I would like to learn about the following search problem, in particular, which kind of algorithms exist for it.
Suppose we have a huge search space $S$. For each element $s \in S$, we have the weight function $w(s)$. We start at some element $s_0 \in S$ and want to find an element with very low $w$-value.
How can we traverse this search space? For each element $s_1 \in S$, there exists a set of keys $K_S$, and we have some function $a : S \times K_S \rightarrow S$, that computes a new element $s_2 = a(s_1,k)$ for some $k \in K_S$.
We can evaluate the weight of some element $s$ only once it is given. But computing the weight is expensive, and should be minimalized. In order to find a good choice how to traverse throughout this graph, we are given a heuristic $h(s)$, that is supposed to compute a "good" key.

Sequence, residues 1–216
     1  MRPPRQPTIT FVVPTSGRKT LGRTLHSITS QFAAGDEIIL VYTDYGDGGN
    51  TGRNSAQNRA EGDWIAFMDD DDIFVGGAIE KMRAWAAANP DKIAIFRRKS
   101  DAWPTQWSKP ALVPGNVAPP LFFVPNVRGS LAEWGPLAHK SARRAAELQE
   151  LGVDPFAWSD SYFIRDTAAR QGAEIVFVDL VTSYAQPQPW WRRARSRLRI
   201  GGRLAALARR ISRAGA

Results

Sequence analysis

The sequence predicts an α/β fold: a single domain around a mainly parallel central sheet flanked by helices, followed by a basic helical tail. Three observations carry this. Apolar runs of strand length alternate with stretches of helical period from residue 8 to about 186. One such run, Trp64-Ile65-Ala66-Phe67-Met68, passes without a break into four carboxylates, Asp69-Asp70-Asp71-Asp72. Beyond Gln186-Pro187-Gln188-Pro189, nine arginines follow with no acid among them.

We know for small changes of the key (say, in Hamming distance), the weight of $w(s)$ does not change to much.
Question: Is such a problem known in theoretical computer science, and does there exist theory for it? In particular I am looking for algorithms for problems like these, and conditions on the heuristic $h$ to provide a "good" heuristic.
The description is deliberately vague, in order to allow for wider range of answers. I think many search algorithms do not apply, because they are too generous with search space evaluation. Maybe the problem is even too ill-posed to be accessible to CST tools.
Thank you very much!